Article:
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SN blogs: Big data initiatives require vision and strategy

SN blogs: This week, an analyst discusses 10 big data vision and strategy questions; what's the best way to provide Wi-Fi to a campground?

Doug Laney, vice president of research, business analytics and performance management at Gartner, suggests 10 questions to ask when implementing big data initiatives. In order to effectively incorporate big data assets, organizations need guidelines to oversee governance and information management. Laney says that knowing how to communicate the value and economics of big data analytics and being able to point out sources of big data information is crucial to maximizing the impact those analytics will have on an organization. Two things are most important, Laney writes: what other people in your industry are doing with big data and what skills will be needed to deploy an initiative. Understanding what other people are up to can help to identify best practices. It is important to realize that "skills" are not limited to data scientists. To manage a big data initiative you also need people who can deal with the configuration, administration and management of the systems supporting the data.

Read the 10 big data vision and strategy questions Laney says you must ask yourself.

How to manage unlicensed airspace

Packet Pushers blogger Michael Lewis explains that 802.11ac is a protocol that works best in the controlled environment of an enterprise, but new protocols are needed for the mobile devices that are used "in the wild." Case in point: Lewis discussed his job at a campground where he needed to find a way to provide wireless access to an entire area that included campsites and buildings in the woods. After experimenting with several technology models such as Wired-VDSL, parkwide Wi-Fi and point-to-multipoint fixed wireless, he settled on parkwide Wi-Fi. One result of his research and development process was the realization of how unstable unlicensed airspace really is. With constant fluctuations in the number of mobile users, laptops being turned on and off and interference from previously connected Wi-Fi networks, dabbling in unlicensed airspace requires a lot more management and surveillance than an enterprise network would, Lewis writes. And this issue will only become more prominent as people seek wireless connections no matter where they are.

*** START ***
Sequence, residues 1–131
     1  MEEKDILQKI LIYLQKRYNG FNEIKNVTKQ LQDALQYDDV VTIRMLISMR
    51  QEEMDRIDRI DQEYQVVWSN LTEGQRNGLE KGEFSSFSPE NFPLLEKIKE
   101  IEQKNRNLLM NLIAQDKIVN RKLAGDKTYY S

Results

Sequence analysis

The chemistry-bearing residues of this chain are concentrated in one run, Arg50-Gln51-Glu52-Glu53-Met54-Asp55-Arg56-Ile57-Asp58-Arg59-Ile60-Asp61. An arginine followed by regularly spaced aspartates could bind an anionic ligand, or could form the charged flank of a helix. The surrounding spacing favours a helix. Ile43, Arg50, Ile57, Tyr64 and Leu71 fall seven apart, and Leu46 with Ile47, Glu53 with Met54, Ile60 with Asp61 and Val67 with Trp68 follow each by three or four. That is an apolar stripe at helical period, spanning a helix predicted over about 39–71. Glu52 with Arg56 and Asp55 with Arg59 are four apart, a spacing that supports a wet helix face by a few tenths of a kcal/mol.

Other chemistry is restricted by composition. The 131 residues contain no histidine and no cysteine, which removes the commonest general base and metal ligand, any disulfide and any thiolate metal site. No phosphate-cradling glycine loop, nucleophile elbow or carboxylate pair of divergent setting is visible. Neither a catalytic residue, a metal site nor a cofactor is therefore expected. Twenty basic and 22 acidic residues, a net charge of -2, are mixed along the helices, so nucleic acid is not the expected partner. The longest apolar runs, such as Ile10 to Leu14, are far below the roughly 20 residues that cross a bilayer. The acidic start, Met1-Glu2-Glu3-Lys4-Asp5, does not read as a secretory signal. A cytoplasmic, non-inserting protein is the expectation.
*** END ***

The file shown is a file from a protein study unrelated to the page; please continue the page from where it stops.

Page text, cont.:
Read more of Lewis' process for creating an outdoor Wi-Fi network.

Protecting user data from NSA surveillance

Nemertes Research vice president and service director, Irwin Lazar, writes that the 2014 revelation of the National Security Agency's spying tactics on personal data have not made a huge impact on organizations that are making the decision to leverage cloud based services. That said, according to the Nemertes 2014-2015 Enterprise Technology Benchmark, 67% of IT pros surveyed said that they were taking a closer look at where data was being stored and who could access it. Lazar points out two efforts to better protect data -- one by Cisco and the other by startup Peerio. Cisco announced at a summit in November that it had submitted a draft to the Internet Engineering Task Force that would let customers hold their own encryption keys so that if the government requested access, they would go to the customer for permission, not the cloud provider of the application. Peerio uses an approach under which it claims it can't view customer data at all. Instead, its method allows customers to remotely destroy files stored on its network or on other user's computers.

Read more from Lazar about software as a service collaboration encryption.

Endpoint security, hot topic at enterprise organizations

In a recent Enterprise Strategy Group blog, senior analyst Jon Oltsik says that it is time to integrate endpoint security with network security, threat intelligence and security analytics. Endpoint security used to be a simple one-time set-up process. Today, many organizations are starting to implement continuous monitoring strategies and rethink endpoint security procedures. Oltsik points to ESG research that indicates 66% of organizations saying they have re-evaluated their endpoint security policies, procedures and tools to create a plan to improve endpoint security. Moreover, 59% of organizations say they have implemented technologies for endpoint profiling and/or continuous monitoring. Oltsik says if you're not sure if you can handle revamping your endpoint security strategy, you should seek help from service providers immediately.

Read more what Oltsik says about the changing dynamics of endpoint security.

This was last published in January 2015

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